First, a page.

Under regulatory pressure to change the way employee concerns are handled, TVA says it is trying to thaw the often chilled atmosphere for employees to raise safety concerns at its Watts Bar nuclear plant.
TVA's top nuclear officials said Tuesday they have revamped management procedures, coached bosses on how to better treat workers and conducted surveys and employee meetings to better encourage and respond to safety issues raised by workers.
"We recognize that the Watts Bar environment, and specifically in operations, had degraded to a point where some operators felt reluctant to raise issues — we get that and we own that," Mike Balduzzzi, senior vice president at TVA, told nuclear regulators Tuesday. "We firmly believe it is necessary for our employees to feel free to raise nuclear safety issues without fear of retaliation and, in fact, they should expect to be complimented for doing so."
Despite such reassurances, however, a nuclear watchdog group questioned why TVA keeps having problems with employee concerns at its nuclear plants. During a hearing before the Nuclear Regulatory Commission's regional staff in Atlanta, the director of the Union of Concerned Scientists' Nuclear Safety Project said the corrections program outlined by TVA "is troubling in that it shows how blind TVA continues to be" in its culture and response to worker concerns about potential safety problems at nuclear plants.
"It's disappointing for a company that has gone through a number of safety-conscious work environment problems repeatedly over a number of years can't recognize signs of those problems until someone else calls their attention to it," said David Lochbaum, a nuclear engineer who once worked at the NRC and now studies the industry for the Union of Concerned Scientists. "Since they are having trouble figuring out that they have those problems, there's not much confidence that they will be able to solve problems that are invisible to them."
In March, the Nuclear Regulatory Commission chided TVA for fostering a "chilled work environment" that discourages plant operators at the Watts Bar Nuclear Plant from raising safety concerns about operations at the twin-reactor plant near Spring City, Tenn. In response, TVA has conducted two company-wide employee meetings at Watts Bar and surveyed and met with all operators to assess their opinions and reinforce management's commitment to receiving and responding to employee concerns.
The NRC cited the Unit 1 reactor at Watts Bar for the failure in its employee concerns program this spring as the utility prepares to activate a second reactor at Watts Bar. A management program started last year for plant excellence, combined with the extra workload of the Unit 2 startup, may have unduly created a stifled atmosphere for some operators to feel free to raise concerns and run the plant as they deem appropriate for maximum safety, officials said.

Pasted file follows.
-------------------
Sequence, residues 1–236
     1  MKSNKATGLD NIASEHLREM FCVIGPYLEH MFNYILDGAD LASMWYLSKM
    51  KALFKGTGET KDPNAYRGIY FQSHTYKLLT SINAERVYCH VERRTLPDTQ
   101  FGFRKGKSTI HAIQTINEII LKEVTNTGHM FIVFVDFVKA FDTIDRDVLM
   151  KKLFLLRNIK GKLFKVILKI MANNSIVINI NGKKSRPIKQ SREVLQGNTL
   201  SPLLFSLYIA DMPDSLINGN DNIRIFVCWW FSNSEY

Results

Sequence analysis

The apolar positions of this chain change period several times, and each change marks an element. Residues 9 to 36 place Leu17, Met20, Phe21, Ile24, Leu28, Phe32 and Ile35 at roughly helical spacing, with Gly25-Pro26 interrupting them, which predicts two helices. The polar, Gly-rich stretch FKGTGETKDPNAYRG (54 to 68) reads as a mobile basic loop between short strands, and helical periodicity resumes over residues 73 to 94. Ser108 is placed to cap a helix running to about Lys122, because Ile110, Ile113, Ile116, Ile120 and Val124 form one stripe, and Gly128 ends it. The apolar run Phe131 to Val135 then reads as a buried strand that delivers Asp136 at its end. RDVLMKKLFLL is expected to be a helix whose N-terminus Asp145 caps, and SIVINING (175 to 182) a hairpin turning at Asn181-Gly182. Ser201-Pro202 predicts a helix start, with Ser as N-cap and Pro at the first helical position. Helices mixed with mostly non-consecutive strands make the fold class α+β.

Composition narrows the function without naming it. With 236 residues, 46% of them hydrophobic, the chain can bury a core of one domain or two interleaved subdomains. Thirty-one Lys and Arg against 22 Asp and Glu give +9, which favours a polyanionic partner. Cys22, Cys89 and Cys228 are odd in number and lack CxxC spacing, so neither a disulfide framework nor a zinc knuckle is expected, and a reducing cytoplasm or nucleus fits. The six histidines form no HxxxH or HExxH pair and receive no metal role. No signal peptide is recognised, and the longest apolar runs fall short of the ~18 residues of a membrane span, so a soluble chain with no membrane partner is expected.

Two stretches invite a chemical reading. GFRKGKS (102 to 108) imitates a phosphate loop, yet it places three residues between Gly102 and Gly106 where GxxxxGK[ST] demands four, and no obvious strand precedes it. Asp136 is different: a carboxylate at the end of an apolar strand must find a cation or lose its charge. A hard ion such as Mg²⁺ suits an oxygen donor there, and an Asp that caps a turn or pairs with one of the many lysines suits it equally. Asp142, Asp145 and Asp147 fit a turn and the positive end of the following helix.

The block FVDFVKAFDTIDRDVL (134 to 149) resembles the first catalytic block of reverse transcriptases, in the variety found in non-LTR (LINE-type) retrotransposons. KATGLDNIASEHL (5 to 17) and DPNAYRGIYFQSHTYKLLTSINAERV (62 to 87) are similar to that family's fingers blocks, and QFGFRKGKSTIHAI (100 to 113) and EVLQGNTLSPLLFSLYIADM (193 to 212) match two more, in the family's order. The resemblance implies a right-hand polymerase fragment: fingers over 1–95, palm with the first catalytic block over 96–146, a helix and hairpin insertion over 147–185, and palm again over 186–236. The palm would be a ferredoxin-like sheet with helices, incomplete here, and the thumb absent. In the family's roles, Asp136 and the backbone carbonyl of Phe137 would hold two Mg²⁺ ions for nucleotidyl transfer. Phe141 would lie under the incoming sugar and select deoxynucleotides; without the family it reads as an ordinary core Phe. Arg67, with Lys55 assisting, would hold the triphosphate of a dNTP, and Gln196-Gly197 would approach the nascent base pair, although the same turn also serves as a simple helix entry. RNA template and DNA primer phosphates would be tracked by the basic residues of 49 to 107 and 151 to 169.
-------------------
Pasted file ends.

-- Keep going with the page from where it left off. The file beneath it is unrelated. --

TVA was forced in the 1980s to delay for 11 years the startup of its first reactor at Watts Bar, in part, because TVA failed to adequately receive and respond to safety concerns raised by whistle blowers and safety review groups at the plant prior to completion of the plant. Upon investigation, regulators found that electrical cables had been improperly installed and safety inspections of how equipment was installed were sometimes lacking or insufficient.
TVA created an employee concerns program in response. But TVA officials acknowledged that in the pressure to keep Watts Bar Unit 1 running and meeting high performance standards while construction was ongoing in the adjacent Unit 2 reactor, plant operators may have felt undue pressure from managers not to raise troubling questions or to limit plant operations.
Paul Simmons, who was named site director at Watts Bar earlier this month, said TVA conducted a root cause analysis of the "chilled" atmosphere among plant operators and found that such workers were feeling pressure to keep performance up and not to raise safety concerns that might jeopardize management goals.
"I personally acknowledge that the chilled work environment existed in the operations department and that I and the senior Watts Bar team are accountable for taking aggressive actions to improve the work environment in a thoughtful and sustainable manner," he said.
The NRC is not withholding its licensing approval for the startup of Unit 2 at Watts Bar and, so far at least, has not signaled any intent to fine TVA for the employee safety concerns problems since there is no evidence that the chilled work environment over the past couple of years resulted in any safety problems at the plant. But regulators said TVA needs to do better and will watch the utility to make sure that it does.
Catherine Haney, director of the NRC's Office of Nuclear Material Safety and Safeguards, said the NRC and its resident inspectors at Watts Bar will "continue to monitor TVA to ensure they are continuing to engage in staff and moving forward in implementing these new steps."
Contact Dave Flessner at email@example.com or at 423-757-6340.